Catch Up With SI’s Contribution to the Commission on Crime Prevention and Criminal Justice

SI UN Representatives Martina Gredler, Marion Prechtl and Christine Peer, together with SI Special Advisor to Advocacy, Linda Witong and SI Club Member Dora Vrdlovec attended the 28th Session of the Commission on Crime Prevention and Criminal Justice (CCPCJ). The theme of the event was: ‘The responsibility of effective, fair, humane and accountable criminal justice systems in preventing and countering crime motivated by intolerance or discrimination of any kind’. The event was held over 20-24 May and had approximately 120 side events running during the 5 days, two of which Soroptimist International held; ‘Mysogynistoc Hate Crimes’, and ‘Early Child Marriage’. Linda Witong was on the panel at both. Linda’s speech about misogynistic hate crimes gave examples of crimes against women from throughout the female lifespan. Click here to read Dora Vrdlovec’s blog from this side event. The second side event was on early child marriage and Linda spoke about the effects of climate change on migration, trafficking and early marriage. Click here to read Linda’s blog on this subject.

SI Special Advisor to Advocacy, Linda Witong in attenddance at the CCPCJ side event on Early Child Marriage


Further to this, SI submitted this written statement to the Commission, which commends those Member States which have begun to address the issue of gender-related homicides through, for example, the establishment of specialist national bodies for the protection and safeguarding of women and girls. The statement calls on Member States to:

  • ratify and implement without reservation all international conventions and treaties which directly and indirectly address gender-based violence including femicide, and actively engage in accountability mechanisms contained therein;
  • without delay enact or reform legislation to criminalise all forms of gender-based violence including femicide and enforce legislation with appropriate prosecutions of perpetrators;
  • reject any differentiation between the public and private sphere as a justification for gender-based violence including femicide;
  • ensure that front line responders have adequate resources and training to respond quickly to all incidents of gender- based violence with gender specific compassion, understanding and respect;
  • recognise that gender based violence including femicide poses significant financial costs to society and that prevention of violence has real economic benefits;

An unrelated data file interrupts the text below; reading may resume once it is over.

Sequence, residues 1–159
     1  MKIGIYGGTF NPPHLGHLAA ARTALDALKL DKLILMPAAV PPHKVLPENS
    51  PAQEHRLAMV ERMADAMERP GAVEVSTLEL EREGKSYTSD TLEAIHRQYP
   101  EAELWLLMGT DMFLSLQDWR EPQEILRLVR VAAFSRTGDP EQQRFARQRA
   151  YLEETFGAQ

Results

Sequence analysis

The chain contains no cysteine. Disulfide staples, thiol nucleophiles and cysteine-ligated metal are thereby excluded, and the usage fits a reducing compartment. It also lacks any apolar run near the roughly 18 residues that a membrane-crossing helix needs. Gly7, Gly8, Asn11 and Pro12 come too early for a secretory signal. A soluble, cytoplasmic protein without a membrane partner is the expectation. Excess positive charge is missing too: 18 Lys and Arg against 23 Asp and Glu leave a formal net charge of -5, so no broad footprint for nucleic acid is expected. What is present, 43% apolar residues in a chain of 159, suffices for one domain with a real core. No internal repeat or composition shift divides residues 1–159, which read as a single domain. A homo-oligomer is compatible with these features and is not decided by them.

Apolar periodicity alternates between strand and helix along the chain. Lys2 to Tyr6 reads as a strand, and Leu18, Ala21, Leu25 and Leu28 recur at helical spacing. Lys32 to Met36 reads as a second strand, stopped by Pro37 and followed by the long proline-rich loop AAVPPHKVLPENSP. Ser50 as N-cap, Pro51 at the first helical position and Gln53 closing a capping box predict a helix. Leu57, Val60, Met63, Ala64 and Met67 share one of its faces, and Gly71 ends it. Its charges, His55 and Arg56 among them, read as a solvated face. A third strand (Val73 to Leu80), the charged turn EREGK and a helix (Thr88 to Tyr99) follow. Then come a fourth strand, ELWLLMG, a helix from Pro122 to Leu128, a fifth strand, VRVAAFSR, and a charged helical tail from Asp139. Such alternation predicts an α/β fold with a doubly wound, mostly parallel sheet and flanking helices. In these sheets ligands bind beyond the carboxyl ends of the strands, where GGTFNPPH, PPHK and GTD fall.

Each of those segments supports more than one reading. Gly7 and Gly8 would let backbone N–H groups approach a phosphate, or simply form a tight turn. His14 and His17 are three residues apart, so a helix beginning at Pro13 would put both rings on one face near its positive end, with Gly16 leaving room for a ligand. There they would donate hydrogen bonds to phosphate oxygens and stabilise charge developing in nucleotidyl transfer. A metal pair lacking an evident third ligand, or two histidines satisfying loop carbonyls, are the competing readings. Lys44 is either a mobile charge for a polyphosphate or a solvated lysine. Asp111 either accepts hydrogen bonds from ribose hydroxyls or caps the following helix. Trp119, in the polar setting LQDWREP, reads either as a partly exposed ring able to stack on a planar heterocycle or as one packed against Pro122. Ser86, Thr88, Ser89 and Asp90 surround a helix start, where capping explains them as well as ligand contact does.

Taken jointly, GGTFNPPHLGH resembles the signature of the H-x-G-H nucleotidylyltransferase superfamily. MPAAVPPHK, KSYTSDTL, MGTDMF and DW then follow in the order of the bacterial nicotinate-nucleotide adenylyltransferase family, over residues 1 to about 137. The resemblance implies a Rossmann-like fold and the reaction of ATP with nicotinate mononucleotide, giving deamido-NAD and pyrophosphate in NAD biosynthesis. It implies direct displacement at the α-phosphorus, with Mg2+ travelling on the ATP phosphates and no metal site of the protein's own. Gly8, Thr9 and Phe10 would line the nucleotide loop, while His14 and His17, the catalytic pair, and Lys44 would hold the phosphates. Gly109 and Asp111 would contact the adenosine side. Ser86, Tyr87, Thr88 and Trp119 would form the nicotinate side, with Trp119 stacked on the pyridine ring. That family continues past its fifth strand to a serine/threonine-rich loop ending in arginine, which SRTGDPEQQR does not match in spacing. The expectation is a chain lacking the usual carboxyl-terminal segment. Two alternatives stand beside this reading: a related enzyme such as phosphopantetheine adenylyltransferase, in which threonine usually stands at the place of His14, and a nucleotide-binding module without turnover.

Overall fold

• invest in initiatives to make public spaces safe, particularly for women and girls;
  • adequately fund effective resources and appropriate support services to victim/survivors of violence, including safe shelter, access to legal services, and medical and psychological treatment at no cost to the victim/survivor; recognise that some groups are at particular risk, including migrants, refugees, indigenous women and girls, rural women and girls, women and girls living with disabilities, HIV positive women and girls, women and girls living with mental health challenges, and women and girls facing multiple discriminations (such as sexual orientation and gender identity, race, and ethnicity);
  • take all necessary steps to ensure that gender-based violence including femicide is never used as a tool of war, and that women and girls living in conflict affected areas are fully protected;
  • address any increased risks of gender-based violence including femicide in areas affected by natural disasters;
  • ensure robust systems are in place and utilised to collect reliable data and statistics disaggregated by sex relating to violence including femicide, and ensure that the collection of this data does not endanger women or girls in any way.


SI UN Representative, Christine Peer delivered an oral statement which calls for Member States, the private sector and civil society to address the many factors that radicalise young people and make terrorism an attractive option for them. The oral statement also called for the establishment of early childhood education, and development of primary school curricula that include health and education programmes which address cultures of violence, gender relations and women’s status, masculinity and identity, family violence and gender-based violence.

Additionally, Soroptimist International’s article, ‘Contemporary Enslavement and Trafficking of Women and Girls’ was featured in the newest UN Studies Association publication ‘Femicide, Volume XI’, which was released at the ‘Misogynistic Hate Crimes’ side event. Click here to access the full volume.

Lead image: SI UN Representative Christine Peer with SI Special Advisor to Advocacy, Linda Witong.

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